The process can work nicely in digital; in this case, the receiver gets by email a blank area including on one border a small strip from the sender’s picture. When he is finished the whole picture is assembled. It’s always amazing and a surprising pleasure to discover the complete work, whatever technique is used!

Digital painting: 3rd prize
MOCA art contest 2005
Exquisite Corpse with
Anne-Marie Bricaud (France)

On your website I read that you’ve been drawing since the 70’s and started to use the computer and digital imaging software in ’99. What made you decided to also try out digital imaging software and did it change the way you work on your art before?

Bernard: That is correct, in 1999, the prices of computers were slowing down and their performances were growing up. ’99 was also my first connection time on the internet, where I went looking for art sites and artists and I was really stunned by the possibility for everyone to share his works to the whole world! I immediately wanted to have my works on the net!!! At that time, I did some surreal collages in Photoshop but a short time later, when I received my graphic tablet, I was delighted for being able to paint digitally. Now, except on the first steps of the creation of a picture, where I use a lot the specific digital means, such as filters, rather rapidly, in order to get a rough sketch, the ending process which is much longer, is very close to the way I draw in traditional, cause I use my favorite tool, the airbrush, very closely to how I use a pencil traditional.

You also create surreal animations if you have time and publish these on YouTube. What kind of software do you use to create these animations?

Bernard: I have been using the imaging software Dogwaffle PD pro 04, Poser, and the freeware program Sqirlz morph to achieve these experimental animations. Many of my own pictures made in Bryce, Poser and Photoshop were included in the making of the animations. The soundtracks were done with Magix Music Maker.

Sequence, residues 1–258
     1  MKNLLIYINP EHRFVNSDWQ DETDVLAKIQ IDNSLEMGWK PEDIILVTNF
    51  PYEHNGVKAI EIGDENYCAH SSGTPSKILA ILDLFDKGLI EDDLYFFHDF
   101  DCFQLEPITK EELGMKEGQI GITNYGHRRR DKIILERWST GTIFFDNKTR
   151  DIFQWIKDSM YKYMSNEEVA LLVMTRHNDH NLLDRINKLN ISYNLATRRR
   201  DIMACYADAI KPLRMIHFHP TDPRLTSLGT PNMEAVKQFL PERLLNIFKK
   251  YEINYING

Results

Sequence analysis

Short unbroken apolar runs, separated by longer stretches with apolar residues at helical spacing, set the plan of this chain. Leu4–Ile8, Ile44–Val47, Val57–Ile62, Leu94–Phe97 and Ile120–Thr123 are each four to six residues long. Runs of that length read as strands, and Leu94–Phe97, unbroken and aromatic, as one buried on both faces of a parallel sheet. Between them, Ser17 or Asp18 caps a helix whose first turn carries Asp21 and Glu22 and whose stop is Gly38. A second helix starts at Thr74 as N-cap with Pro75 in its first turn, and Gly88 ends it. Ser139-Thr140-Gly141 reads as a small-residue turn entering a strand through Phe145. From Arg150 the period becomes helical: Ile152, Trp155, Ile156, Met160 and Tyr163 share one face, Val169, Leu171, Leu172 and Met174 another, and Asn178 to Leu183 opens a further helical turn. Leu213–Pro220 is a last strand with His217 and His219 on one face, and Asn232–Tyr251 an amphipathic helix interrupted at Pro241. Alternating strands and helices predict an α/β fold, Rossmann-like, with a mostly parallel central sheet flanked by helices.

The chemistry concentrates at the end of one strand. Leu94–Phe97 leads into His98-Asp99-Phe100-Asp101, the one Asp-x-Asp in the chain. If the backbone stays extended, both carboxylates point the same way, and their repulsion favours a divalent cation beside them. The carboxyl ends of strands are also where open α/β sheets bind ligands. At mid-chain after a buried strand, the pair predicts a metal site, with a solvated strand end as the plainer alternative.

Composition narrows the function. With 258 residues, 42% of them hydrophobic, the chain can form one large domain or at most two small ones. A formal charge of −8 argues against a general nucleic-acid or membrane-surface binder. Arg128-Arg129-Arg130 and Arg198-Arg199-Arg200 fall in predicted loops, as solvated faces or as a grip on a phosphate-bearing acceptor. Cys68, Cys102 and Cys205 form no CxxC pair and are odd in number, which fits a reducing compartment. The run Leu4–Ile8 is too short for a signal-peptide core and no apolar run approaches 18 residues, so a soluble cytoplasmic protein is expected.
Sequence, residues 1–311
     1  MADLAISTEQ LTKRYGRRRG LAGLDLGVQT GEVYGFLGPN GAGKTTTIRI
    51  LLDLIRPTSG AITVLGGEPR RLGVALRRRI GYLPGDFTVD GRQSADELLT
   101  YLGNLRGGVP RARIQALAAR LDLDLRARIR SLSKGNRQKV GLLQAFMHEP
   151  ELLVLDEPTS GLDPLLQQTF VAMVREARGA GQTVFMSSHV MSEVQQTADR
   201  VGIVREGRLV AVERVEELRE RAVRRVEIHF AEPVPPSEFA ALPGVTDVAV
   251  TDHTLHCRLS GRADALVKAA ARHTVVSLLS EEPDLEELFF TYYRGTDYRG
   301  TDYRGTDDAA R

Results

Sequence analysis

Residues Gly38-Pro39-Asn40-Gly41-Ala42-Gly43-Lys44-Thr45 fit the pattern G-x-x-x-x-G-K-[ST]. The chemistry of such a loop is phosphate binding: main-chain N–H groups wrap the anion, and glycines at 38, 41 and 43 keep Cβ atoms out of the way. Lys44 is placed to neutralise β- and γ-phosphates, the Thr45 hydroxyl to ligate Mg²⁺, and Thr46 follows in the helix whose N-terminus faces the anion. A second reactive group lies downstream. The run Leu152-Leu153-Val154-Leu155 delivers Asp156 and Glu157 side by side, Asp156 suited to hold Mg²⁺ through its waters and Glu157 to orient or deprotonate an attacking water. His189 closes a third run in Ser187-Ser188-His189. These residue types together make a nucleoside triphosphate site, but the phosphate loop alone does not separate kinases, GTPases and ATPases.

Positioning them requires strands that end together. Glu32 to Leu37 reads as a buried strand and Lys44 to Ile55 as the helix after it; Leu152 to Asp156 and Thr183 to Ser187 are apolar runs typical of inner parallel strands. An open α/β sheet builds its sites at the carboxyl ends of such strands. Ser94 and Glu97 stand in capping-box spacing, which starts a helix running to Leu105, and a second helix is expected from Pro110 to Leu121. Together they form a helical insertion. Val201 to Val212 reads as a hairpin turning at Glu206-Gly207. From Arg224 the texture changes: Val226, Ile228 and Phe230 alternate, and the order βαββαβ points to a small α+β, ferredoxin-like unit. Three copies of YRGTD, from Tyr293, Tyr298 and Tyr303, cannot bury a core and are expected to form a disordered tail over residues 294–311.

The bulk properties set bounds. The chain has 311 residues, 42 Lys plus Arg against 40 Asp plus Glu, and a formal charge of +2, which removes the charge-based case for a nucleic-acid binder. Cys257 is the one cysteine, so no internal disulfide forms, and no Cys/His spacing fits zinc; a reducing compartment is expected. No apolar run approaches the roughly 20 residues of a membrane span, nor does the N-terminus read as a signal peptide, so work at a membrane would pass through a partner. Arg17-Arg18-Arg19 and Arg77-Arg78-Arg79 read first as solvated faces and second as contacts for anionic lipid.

Can you name a career highlight?

Bernard: 2003 was a great year, because of my first publication and real-life international exhibitions. The same year I won the first prize at the MOCA digital art contest, sold many drawings via the internet in England and even exhibited digital prints in New York city!

Can you tell us where you are currently working on?

Bernard: I am currently in a low inspiration period, the last work I did was a three-way digital corpse with Ton Haring (The Netherlands) and Rodney Gee (South Africa).

No explanation necessary – Digital exquisite corpse with Rodney Gee (top),Ton Haring (middle), and me (bottom)
Magical Mystery Tool

Christa: Do have tips for beginning artists?

Bernard: Work a lot and be yourself.

Christa: Besides 2Dvalley.com, which other graphic sites do you visit regularly?

Bernard: I enjoy to share my works at Sito.org and I participated with some pictures at Anexquisitecorpse.net, an interesting site dedicated to digital corpses. Jon Beinart’s surreal art forum has plenty of interesting artists, links and info. Another cool place I like to visit is James Sebor’s guest gallery.

Christa: Is their something you can’t work without?

Bernard: I’m kind of addicted to coffee, tobacco, pencil, & my graphic tablet.

Christa: What do you do when you are not working or creating something?

Bernard: I enjoy surfing the net and playing rock or blues on my keyboard or electric guitar… just for fun!

Search 02 – Digital painting – Photoshop, Wacom tablet/ Winner of “Surrealism Today ” MODA Art Contest 2005
Helter skelter – Digital drawing/ Photoshop, Wacom tablet

Christa: Thanks for your time and the interview Bernard!

Gallery album of Bernard Dumaine
Website of Bernard Dumaine
MySpace of Bernard Dumaine
Interviews with other artists